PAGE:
For over a decade, to spark a dialogue about the role of hygiene and health in well-being, Essity has shared insights from our research. From this, we know that globally it’s almost twice as common for mothers (73%) to talk to their daughters about menstruation compared to fathers (40%); that three in five couples argue about cleaning and hygiene roles at home, and; it is more common for women to share their experience of incontinence (30% of people know a woman who has experienced urine leakage compared to 10% who know a man).

I certainly want to acknowledge everything women do to move things forward, not only today, but every day. Many of us might not even reflect on these topics, but they are crucial for our well-being. By preserving hygiene roles and stereotypes, we influence our children, which affects overall levels of hygiene and health. A girl may not attend school because she is “sick” a few days each month. A man with incontinence may be prevented from having an active and social life because he’s too embarrassed to seek help.

We want everyone to know that hygiene and health have no gender. We all have a role to play to challenge taboos and stereotypes and help raising the health and hygiene standards all over the world.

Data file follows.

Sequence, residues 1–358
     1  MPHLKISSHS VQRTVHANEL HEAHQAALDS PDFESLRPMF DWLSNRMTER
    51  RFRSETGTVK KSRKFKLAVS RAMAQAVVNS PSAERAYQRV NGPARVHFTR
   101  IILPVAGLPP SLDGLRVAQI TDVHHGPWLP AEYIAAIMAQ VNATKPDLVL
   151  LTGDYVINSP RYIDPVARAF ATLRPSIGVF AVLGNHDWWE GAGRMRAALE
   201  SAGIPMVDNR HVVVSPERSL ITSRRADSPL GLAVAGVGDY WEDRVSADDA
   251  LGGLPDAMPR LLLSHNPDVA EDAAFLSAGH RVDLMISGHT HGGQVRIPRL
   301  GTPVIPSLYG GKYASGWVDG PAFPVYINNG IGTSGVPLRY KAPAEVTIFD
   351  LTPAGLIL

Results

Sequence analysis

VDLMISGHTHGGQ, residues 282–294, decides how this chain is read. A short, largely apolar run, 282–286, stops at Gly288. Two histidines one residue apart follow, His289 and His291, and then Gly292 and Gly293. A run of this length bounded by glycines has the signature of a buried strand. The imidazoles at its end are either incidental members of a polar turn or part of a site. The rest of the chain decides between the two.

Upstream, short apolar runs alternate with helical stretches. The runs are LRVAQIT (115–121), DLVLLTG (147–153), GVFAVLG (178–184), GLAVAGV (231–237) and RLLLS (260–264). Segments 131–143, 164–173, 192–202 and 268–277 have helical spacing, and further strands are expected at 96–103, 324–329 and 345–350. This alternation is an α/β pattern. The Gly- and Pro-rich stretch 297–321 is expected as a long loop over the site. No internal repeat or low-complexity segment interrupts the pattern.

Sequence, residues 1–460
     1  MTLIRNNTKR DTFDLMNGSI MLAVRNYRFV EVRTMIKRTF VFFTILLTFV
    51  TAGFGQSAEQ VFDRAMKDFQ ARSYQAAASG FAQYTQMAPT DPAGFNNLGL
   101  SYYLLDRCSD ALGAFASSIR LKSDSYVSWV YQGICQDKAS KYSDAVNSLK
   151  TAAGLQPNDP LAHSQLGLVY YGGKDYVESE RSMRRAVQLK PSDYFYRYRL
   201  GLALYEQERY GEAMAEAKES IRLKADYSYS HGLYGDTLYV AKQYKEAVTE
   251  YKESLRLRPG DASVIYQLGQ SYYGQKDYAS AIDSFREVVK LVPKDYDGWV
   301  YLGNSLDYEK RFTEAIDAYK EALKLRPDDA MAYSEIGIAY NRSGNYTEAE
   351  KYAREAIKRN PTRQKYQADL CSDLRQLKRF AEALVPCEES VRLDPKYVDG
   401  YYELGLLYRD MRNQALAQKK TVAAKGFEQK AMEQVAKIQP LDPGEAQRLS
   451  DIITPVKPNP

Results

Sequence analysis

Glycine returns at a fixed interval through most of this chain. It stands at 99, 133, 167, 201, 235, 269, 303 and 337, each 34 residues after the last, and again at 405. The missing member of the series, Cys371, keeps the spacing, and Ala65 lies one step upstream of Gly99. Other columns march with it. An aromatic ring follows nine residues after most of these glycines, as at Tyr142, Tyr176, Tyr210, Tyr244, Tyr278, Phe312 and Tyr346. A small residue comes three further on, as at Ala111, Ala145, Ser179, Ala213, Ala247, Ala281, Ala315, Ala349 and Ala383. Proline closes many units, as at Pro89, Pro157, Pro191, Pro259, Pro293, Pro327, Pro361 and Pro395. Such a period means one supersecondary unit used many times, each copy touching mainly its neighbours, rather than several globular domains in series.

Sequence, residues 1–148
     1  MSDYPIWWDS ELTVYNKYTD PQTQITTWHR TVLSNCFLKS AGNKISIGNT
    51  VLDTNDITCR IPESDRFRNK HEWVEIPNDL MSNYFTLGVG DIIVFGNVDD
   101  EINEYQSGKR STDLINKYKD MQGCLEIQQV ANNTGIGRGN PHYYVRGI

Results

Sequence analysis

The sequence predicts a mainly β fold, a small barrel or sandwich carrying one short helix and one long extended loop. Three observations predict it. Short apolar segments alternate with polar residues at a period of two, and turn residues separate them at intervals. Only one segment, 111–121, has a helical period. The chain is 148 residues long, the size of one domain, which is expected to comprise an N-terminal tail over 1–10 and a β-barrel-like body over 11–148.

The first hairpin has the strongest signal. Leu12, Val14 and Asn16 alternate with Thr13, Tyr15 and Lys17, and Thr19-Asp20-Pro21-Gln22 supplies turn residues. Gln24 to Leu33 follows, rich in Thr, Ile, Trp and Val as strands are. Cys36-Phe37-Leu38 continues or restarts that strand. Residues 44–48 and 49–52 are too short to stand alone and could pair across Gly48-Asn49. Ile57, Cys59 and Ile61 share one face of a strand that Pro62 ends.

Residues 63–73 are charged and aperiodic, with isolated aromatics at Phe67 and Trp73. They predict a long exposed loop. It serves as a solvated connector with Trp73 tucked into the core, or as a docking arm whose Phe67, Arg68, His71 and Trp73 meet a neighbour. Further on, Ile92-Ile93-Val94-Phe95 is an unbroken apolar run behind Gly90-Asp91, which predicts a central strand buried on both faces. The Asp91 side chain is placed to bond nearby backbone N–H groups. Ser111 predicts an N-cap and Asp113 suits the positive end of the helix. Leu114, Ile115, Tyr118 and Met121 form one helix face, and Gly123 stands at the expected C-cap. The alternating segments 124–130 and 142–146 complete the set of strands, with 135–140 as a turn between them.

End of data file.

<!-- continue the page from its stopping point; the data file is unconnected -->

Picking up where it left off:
Everyone should be able to speak openly about topics like incontinence and menstruation, because only then can we break the taboos; crucial for human dignity and quality of life. Taking equal responsibility for hygiene and health improves gender equality and leads to a more harmonious family life and a more inclusive society.

International Women’s Day has been celebrated for more than 100 years, and though we have come far, there is still some way to go in relation to health and hygiene. I want to encourage everyone to take action and do something today; to start talking about hygiene and health. Menstruation. Incontinence. And other hygiene-related stereotypes.

#balanceforbetter hygiene and health standards all over the world.

Volker Zöller, President Consumer Goods, Essity